The Fugoo is available in three configurations: Style, Sport, and Tough. All three models consist of the same speaker—or Core, in Fugoo speak—which you can remove and insert into either of the other two types of enclosures (Jackets), which are sold separately. Fugoo sent the speaker inside the Style jacket, but they also sent the Sport jacket so I could switch it out. Going by the speaker’s tight fit and finish, you’d never guess that you could pull out its guts and stuff them into a completely different shell. Getting the core in and out of its jackets can be an ordeal until you get the hang of it. I had trouble even after repeatedly watching the video on Fugoo’s website. Once I got the technique down pat, swapping jackets was easy.
The core itself is not just weather resistant but waterproof: Fugoo rates it at IP67. The 6 means it can withstand a powerful jet of water and the 7 indicates that it can survive being submerged in water. Fugoo defines submerged as being in up to one meter of water for up to 30 minutes. The JBL Charge 2+ is rated to withstand only splashes of water (although you can clean both by running them under a faucet).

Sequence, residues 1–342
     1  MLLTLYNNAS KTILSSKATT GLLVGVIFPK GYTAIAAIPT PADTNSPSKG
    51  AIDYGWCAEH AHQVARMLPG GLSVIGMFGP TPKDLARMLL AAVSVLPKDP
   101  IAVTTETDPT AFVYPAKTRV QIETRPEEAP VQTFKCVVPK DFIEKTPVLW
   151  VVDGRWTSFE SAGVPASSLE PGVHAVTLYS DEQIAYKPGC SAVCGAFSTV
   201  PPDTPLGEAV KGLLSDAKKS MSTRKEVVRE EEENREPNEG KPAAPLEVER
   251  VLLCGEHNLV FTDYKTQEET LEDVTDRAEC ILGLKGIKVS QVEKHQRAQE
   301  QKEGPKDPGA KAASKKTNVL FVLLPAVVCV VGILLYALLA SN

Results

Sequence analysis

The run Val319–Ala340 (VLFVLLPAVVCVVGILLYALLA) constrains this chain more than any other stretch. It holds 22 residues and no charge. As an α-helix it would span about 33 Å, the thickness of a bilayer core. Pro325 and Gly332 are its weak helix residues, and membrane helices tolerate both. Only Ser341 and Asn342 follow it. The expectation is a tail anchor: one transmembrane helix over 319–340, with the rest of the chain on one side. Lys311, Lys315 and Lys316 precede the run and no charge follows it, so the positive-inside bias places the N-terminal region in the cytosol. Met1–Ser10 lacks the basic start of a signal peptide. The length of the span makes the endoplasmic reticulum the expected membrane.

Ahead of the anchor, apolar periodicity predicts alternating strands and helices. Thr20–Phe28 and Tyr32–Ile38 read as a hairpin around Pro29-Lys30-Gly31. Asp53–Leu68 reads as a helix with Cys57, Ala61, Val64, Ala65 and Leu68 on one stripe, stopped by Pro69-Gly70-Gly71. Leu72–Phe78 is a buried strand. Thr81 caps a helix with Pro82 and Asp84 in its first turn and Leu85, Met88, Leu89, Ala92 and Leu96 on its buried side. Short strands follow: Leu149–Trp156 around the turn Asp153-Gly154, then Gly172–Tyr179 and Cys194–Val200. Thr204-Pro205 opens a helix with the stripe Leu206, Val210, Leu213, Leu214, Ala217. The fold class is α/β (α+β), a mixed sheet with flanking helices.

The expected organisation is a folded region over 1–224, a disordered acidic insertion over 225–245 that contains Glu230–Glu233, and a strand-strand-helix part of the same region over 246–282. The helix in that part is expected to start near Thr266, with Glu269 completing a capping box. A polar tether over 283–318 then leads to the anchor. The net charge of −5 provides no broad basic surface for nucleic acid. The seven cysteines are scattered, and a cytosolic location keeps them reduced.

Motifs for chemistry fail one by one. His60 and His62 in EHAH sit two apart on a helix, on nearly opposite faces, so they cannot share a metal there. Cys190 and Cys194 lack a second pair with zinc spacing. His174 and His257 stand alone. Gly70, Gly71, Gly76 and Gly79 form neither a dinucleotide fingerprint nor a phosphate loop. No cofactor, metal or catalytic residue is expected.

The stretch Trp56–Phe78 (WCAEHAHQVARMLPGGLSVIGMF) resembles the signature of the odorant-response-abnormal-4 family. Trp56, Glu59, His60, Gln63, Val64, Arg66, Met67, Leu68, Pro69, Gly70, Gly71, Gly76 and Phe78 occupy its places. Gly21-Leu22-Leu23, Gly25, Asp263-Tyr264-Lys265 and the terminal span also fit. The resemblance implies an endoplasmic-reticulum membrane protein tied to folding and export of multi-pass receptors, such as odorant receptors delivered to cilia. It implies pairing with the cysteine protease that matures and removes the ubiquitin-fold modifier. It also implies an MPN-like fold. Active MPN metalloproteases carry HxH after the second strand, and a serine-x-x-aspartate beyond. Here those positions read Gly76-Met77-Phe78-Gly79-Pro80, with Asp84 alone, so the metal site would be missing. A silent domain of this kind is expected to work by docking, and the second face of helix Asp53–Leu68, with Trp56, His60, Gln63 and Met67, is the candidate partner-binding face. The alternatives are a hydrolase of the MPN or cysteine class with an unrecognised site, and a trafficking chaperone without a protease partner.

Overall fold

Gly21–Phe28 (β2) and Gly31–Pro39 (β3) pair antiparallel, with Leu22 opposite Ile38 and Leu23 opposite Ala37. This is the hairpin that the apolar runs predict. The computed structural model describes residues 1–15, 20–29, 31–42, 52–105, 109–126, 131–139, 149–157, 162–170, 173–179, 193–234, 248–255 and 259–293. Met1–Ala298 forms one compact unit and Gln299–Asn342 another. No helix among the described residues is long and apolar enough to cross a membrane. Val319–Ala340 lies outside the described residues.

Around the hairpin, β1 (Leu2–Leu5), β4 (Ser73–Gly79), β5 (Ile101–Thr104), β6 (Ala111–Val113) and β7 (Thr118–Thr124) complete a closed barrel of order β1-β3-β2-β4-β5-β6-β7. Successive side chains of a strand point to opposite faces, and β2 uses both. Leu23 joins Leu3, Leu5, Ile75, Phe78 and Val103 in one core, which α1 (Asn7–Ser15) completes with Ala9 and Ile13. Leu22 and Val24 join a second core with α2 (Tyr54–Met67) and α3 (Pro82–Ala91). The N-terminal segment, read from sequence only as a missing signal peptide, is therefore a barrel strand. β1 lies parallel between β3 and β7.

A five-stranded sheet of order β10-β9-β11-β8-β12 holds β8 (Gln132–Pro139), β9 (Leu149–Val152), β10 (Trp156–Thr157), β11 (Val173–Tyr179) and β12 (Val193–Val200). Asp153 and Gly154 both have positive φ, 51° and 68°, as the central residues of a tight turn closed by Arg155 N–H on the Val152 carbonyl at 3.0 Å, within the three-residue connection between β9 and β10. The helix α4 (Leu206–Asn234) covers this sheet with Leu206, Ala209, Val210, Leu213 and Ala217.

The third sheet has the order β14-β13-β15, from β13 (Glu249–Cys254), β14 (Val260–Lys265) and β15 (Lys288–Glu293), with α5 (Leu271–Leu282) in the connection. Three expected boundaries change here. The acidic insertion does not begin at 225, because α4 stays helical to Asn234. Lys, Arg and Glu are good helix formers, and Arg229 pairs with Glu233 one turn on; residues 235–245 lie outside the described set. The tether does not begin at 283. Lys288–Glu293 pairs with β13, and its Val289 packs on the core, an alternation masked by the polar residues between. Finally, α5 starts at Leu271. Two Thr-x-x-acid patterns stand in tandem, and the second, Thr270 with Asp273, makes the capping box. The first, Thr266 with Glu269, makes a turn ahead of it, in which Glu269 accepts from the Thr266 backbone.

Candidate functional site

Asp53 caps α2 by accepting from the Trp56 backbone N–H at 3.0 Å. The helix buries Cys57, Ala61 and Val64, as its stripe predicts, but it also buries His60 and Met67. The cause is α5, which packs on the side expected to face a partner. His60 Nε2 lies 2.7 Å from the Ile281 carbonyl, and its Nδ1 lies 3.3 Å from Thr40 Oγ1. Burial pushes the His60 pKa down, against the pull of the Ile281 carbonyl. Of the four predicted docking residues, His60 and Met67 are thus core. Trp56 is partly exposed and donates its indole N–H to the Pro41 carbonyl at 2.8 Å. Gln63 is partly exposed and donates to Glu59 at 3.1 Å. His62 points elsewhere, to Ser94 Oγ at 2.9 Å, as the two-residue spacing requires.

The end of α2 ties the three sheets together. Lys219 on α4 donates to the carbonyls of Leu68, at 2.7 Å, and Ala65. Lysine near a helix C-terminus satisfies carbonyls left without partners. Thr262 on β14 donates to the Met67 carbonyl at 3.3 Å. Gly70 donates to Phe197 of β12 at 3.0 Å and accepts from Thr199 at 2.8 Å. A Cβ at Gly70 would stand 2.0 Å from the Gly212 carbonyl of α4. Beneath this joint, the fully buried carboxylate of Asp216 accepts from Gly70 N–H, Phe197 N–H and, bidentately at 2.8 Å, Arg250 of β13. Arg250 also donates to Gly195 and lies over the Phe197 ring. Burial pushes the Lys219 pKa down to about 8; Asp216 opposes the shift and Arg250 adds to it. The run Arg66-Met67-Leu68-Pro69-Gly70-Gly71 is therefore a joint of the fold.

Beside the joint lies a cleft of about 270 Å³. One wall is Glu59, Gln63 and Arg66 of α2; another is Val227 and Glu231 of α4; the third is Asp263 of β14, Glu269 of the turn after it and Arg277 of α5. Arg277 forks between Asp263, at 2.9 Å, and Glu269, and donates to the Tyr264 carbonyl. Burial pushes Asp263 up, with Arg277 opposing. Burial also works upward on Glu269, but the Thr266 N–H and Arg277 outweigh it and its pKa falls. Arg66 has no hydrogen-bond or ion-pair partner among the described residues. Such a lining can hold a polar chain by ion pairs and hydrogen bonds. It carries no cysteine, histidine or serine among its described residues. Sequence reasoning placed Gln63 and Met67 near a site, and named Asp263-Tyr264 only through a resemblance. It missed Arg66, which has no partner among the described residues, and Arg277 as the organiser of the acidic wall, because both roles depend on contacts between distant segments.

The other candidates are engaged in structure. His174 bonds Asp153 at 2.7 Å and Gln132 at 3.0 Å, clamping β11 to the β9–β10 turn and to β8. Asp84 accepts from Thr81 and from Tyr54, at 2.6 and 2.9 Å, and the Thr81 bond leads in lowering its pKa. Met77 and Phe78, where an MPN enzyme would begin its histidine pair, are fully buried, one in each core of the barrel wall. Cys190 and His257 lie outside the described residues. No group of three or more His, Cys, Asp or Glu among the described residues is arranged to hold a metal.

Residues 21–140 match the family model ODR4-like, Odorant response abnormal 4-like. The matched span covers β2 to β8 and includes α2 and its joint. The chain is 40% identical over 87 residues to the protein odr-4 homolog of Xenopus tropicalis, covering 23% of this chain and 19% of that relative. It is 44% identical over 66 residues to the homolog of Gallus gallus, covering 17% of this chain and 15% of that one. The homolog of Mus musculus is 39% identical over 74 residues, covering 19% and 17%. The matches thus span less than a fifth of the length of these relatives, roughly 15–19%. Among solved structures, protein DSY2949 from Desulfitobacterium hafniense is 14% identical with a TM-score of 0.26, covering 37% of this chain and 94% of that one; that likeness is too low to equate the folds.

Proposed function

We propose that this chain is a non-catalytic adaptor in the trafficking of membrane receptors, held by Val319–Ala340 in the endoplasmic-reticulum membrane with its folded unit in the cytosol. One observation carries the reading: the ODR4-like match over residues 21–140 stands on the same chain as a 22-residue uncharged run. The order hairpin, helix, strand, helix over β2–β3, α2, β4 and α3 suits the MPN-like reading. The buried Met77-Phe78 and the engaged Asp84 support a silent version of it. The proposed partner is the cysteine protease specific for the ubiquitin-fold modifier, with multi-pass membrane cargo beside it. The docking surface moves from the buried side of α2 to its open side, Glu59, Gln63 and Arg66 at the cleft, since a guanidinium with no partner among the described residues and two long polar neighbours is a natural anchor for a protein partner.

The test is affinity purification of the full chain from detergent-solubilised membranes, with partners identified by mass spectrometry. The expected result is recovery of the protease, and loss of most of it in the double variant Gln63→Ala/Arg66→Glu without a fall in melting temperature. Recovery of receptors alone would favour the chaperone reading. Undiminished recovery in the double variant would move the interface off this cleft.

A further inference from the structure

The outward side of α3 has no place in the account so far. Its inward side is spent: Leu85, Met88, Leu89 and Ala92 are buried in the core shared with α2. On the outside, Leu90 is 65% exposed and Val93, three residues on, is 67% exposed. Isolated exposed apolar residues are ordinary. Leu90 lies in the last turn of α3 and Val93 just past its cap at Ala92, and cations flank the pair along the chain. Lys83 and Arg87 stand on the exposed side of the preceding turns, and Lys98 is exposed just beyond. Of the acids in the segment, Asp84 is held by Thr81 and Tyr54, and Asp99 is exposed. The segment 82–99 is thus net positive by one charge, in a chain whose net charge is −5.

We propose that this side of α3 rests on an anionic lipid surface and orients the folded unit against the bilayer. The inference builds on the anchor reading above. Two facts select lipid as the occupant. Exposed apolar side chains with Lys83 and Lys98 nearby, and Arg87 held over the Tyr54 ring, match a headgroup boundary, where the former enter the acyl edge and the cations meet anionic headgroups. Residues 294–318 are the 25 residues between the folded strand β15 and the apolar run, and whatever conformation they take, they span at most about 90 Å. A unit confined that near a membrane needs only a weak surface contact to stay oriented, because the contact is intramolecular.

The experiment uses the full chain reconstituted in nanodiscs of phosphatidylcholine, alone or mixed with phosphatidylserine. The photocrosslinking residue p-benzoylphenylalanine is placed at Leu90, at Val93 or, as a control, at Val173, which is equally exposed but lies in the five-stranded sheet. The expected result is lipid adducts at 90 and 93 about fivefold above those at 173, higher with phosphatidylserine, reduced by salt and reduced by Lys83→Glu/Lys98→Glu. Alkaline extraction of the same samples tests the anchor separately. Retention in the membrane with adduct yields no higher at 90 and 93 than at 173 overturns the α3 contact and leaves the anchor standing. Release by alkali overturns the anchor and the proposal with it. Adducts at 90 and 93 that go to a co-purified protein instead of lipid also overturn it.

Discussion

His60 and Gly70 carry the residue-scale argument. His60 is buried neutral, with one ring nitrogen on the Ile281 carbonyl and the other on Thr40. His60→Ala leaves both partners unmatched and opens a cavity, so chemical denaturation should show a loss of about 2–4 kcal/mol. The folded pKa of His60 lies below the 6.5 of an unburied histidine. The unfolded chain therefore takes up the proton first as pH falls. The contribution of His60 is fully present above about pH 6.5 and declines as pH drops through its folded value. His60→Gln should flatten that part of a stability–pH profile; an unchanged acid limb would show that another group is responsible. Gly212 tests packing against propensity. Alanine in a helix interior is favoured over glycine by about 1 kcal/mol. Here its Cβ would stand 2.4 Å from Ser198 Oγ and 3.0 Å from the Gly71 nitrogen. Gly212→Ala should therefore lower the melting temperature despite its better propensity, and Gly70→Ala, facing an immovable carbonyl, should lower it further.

The $30 Style jacket is the simplest and least rugged of the three, being fabricated of fiber-reinforced resin with a water-resistant cloth grill. The two-piece Sport jacket ($40) is made from much thicker resin and is wrapped with rubber trim to reinforce its corners and give it more impact resistance. Fugoo describes the Sport’s cloth grill as waterproof, and the shell has a mounting bracket to accommodate a variety of accessories. The $80 Tough jacket adds elements of aluminum to its construction and can be used with the same accessories (Fugoo sent a handlebar mount, but I didn’t test it).
Each of the three cases has three buttons on top: Volume up, volume down, and a multi-function button between those two that can pause playback and perform other functions, such as activating voice recognition. There’s a 1/8-inch aux input and a micro USB port for charging the Fugoo’s battery on one side (a cable and AC adapter are provided), and buttons for power and Bluetooth pairing are on the other. A blue LED glows to inform you when the speaker is powered on. JBL says the much larger battery in its Charge 2+ should last about 12 hours. Fugoo claims an astounding 40 hours of battery life (at 50-percent volume) for its speaker. I didn’t drain either device’s battery to verify the manufacturer’s claims, but the difference could be that Fugoo uses Bluetooth 4.0 where JBL is relying on the older Bluetooth 3.0 protocol.